Vegan Challah

by Roberta Schiff

This is a vegan version of a traditional challah recipe — it is made without eggs. It has also been designed to be completely handmade, no machines necessary.



A large ceramic or glass bowl
A wooden spoon
A cookie sheet
Parchment paper or silicone mat
Liquid and dry measuring cups
Measuring cups and spoons
Cutting board


4 ½ to 5 cups unbleached bread flour
1 cup whole spelt flour
½ cup wheat germ (not wheat bran)
⅓ cup organic sugar
2 teaspoons sea salt
¼ teaspoon turmeric
2 packages yeast (or if using yeast in a jar, 4 and ½ teaspoons)
(if you have some and have not used it for a while, check the expiration date and keep the jar in fridge or freezer)
1 cup ice water
1 cup boiling water
3 ounces olive oil
Poppy seeds or sesame seeds for the top (or use both)

  1. Preheat oven to 350 degrees Fahrenheit.
  2. Mix one cup ice water with one cup boiling water — you will have the right temperature for the yeast (a small plant that has been dormant for a long time) to activate.
  3. Add a pinch of sugar or bit of agave to the water, stir with a chopstick, add the yeast, stir again and let sit for ten minutes. If it does not get foamy, it is not active and you need fresh yeast.
  4. In a large bowl, measure the flour, sugar, salt and turmeric. Stir together well, then add the yeast mixture and the olive oil. Mix well with a wooden spoon, gathering up what sticks to the sides.
  5. When well mixed, flour a cutting board. Lift the dough out of the bowl, place on the board and knead with your hands, punching down, folding over and changing directions. Having some flour on your hands helps. Knead until the dough is soft and elastic and feels like your earlobe. You may or may not need the additional half cup of flour, so start with 4 and a half and add slowly if too soft. (Flours vary in the amount of moisture they have; use a premium brand for best results.)
  6. Lightly oil the bottom and sides of the bowl. Put the dough inside and lightly oil the top of the dough. Cover with a damp kitchen towel and let it rise in a warm and draft-free place for about an hour and a half. When you poke a finger in the dough and it does not start rising again, it has risen enough. 85 degrees is the ideal rising temperature. (You can heat the oven to 200 for one minute, turn off, then let the bread rise inside; this is good in cold weather.) The dough should rise twice — about an hour and a half the first time and an hour is usually enough for the second rising. Punch the dough down between risings.
  7. Take a cookie sheet and put parchment paper on it. Once you start using parchment paper you won’t want to go back to greasing pans again! (You can also replace parchment paper with a silicone mat.)
  8. Remove dough from bowl, cut in half with a sharp knife. Place one half back in the bowl, the other on a floured board. Punch down and roll into a rectangle. If you do not have a rolling pin, an empty wine or sparkling water bottle works well. Roll out until about 12-14 inches long. Cut into three pieces, lengthwise. Roll each piece into a log. Repeat with second half. Place the six logs on a prepared baking sheet. Let rest for 10 minutes uncovered.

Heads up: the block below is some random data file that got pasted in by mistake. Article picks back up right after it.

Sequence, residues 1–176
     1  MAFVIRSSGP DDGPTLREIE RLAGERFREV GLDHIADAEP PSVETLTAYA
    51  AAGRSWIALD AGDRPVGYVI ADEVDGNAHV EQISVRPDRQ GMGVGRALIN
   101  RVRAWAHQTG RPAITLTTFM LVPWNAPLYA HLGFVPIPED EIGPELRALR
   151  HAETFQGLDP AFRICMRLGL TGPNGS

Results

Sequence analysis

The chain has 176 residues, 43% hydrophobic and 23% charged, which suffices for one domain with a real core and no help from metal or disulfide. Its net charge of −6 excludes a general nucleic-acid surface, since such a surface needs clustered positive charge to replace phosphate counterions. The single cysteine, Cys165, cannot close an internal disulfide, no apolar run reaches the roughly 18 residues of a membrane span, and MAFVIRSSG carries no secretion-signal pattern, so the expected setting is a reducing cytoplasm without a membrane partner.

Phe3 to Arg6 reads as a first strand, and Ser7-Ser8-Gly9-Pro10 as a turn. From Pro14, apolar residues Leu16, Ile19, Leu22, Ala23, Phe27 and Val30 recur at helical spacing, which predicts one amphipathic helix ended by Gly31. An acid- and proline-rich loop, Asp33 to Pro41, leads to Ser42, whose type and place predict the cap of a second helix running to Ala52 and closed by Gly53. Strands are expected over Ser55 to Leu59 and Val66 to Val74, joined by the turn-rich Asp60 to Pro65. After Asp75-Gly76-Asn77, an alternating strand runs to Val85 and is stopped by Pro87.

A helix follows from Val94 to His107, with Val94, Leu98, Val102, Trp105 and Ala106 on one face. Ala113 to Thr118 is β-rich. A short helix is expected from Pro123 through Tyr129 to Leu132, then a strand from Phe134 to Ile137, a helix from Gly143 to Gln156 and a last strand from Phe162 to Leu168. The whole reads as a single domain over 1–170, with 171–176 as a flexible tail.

9. Place the tops of three strands together and fold under. Then begin braiding. If any strand is a bit too thick, pull it out a little. When you get to the end, you can turn under again. If the loaf is a bit long for your pan, scrunch it up a bit. (Don’t worry about being perfect; this is homemade!) Repeat with the second loaf.
  10. Put some olive oil in a small dish, and with a pastry brush cover the top and sides of the loaves (or brush with non-dairy milk). Then add poppy seeds or sesame seeds or a mixture of both. Or use the Middle Eastern spice mix za’atar on top. Let rest 10-18 minutes before baking.
  11. Bake at 350 degrees Fahrenheit for about 25 minutes. When done, the loaves should sound hollow when tapped on the bottom. Times may vary, so the tapping is the best way to check. The loaves should also be browned a bit.


Roberta Schiff, member of the Jewish Veg Advisory Council, is the coordinator of Hudson Valley Vegans, a regional vegan-advocacy organization in upstate New York. She is also a co-author of two cookbooks: Thanksvegan and the Vegetarian Shabbat Cookbook.

Download Recipe Booklet

Enjoy a sweet start to your Shabbat celebration with this delicious vegan challah recipe from Jewish Veg Advisory Council member Roberta Schiff. For your convenience, this recipe is available in a PDF recipe e-booklet. Download the booklet by clicking the button below and read on your device or print it out if you prefer.

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